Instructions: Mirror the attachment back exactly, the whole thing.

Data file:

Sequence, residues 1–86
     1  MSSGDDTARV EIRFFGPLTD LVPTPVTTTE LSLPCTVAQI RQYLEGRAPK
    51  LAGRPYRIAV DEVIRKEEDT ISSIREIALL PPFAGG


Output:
Sequence, residues 1–86
     1  MSSGDDTARV EIRFFGPLTD LVPTPVTTTE LSLPCTVAQI RQYLEGRAPK
    51  LAGRPYRIAV DEVIRKEEDT ISSIREIALL PPFAGG